ureveal

Our client's product was a data analytics software that specializes in processing natural language inputs and is used by federal law enforcement in several states. Our client wanted design recommendations that would support its current users and drive adoption by new types of analysts. 

 

TEAM | Pierre Amelot, Ethel Chou, Kate McManus, Anuraag Jain

ROLE | UX Team Lead

TOOLS | InDesign, Sketch, Illustrator

METHODS | grounded theory, contextual inquiry, affinity diagramming, cultural modeling, interview interpretation, speed dating, user interviews, visioning and concept generation

 
 

Discussing a concept with Professor Jim Morris. 

 
 

Brief

Our client, uReveal, is a search support and analytics company that wanted to explore new features that could help them expand to new users and markets. uReveal's specialty is the conceptual processing of natural-language materials like police reports, and their software was currently used by police and certain federal agencies. Our job was to identify current and potential users who could give us insights into new applications for UReveal's technology and from our research with these users to design feature sets that would increase adoption and improve user experience with the software. Over seven weeks, our team conducted a full contextual inquiry, including stakeholder interviews, data consolidation, ideation and a final design proposal for the client.

 

Methods

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Contextual interviews

We conducted contextual interviews with analysts as they went through their analysis processes. 

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Consolidated sequence-flow

We diagrammed the analysis process, focusing on painpoints and breakdowns in the existing process. 

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cultural model

We used a cultural model to better understand the issues between agencies that affected the data analysis process. 


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affinity diagram

We "walked" the wall with the noted generated in our contextual interviews.

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visioning

We create six visions after ideating many, many more.

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speed dating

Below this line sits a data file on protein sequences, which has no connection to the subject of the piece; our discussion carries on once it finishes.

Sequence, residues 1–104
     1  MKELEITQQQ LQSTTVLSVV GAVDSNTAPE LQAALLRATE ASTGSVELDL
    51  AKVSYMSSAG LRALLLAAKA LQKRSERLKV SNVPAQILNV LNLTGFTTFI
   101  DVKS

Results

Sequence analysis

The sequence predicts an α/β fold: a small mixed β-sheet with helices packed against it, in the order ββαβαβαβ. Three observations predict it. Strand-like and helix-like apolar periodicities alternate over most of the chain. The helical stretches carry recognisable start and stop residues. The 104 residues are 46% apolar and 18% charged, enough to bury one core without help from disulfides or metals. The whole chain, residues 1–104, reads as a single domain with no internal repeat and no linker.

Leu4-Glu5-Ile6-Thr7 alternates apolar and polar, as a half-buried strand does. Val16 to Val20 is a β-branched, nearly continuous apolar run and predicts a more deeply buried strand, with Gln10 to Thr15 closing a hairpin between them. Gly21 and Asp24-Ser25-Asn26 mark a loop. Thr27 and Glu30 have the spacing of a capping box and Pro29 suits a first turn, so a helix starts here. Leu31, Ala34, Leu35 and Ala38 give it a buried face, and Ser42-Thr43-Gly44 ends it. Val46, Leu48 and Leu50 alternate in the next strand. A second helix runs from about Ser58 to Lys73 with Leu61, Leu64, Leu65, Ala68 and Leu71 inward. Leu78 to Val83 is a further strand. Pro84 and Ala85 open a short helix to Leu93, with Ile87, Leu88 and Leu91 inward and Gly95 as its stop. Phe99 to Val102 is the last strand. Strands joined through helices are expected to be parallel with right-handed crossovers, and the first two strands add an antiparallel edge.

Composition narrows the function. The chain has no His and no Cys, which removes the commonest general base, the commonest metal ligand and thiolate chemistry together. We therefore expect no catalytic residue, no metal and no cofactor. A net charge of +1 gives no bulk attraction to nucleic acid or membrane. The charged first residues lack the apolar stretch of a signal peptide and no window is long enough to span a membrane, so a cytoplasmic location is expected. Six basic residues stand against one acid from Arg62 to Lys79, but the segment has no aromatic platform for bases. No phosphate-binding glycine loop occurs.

We storyboarded these visions and used them to get feedback from our orginal participants.

 

approach

Contextual Interviews

 

We began by identifying 1. current users and 2. analysts from analogous domains who were potential users of uReveal. In the current users group, we spoke to anti-narcotics and gang analysts. In the potential users group, we spoke to analysts from other federal agencies, such as the Federal Energy Regulatory Commission. 

We then conducted contextual interviews with each user as they went through their analysis activities. Contextual interviews allow you to encounter user's thoughts about their work as it is happening, providing insights that are more accurate and in-depth than traditional retrospective interviews. 

After conducting the interviews, we each presented our findings to the team, who collectively determined the notes that would make up the raw material for our affinity diagram. 

 

consolidated sequence-flow 

We synthesized our findings with current users by creating a consolidated sequence-flow of their analysis workflows. This allowed us to pinpoint tasks that are completed daily, weekly, and monthly, and to identify painpoints and breakdowns in the current users' experience. 

 
 

cultural model

 

Our target users work in complex environments in which information is passed between individuals and agencies. We created a cultural model for the vaious agencies to better understand the interactions between them and the needs of each stakeholder in the analysis process.

 

Affinity Diagramming

 

We then synthesized our findings from new and potential users by creating an affinity diagram of all insights from our contextual interviews. As anyone who has created an affinity diagram knows, it is a slow and iterative process. You arrive at real insights only after pushing past the obvious connections between ideas—thematic clustering—and get to the more surprising connections. In our case, we worked a dataset of over 600 individual notes over a dense two days before moving on to visioning solutions.

 

 

 

 

 

 

Visioning

 

After generating insights by "walking the wall", we identified the most pressing paint points, breakdowns, and opportunities presented by the research. We then began ideating possible design solutions for each of these areas. After coming up with lots and lots of ideas, we narrowed our visions down to the six most promising ideas. These were chosen for the magnitude of impact that they could have, coupled with how feasible they would be to implement.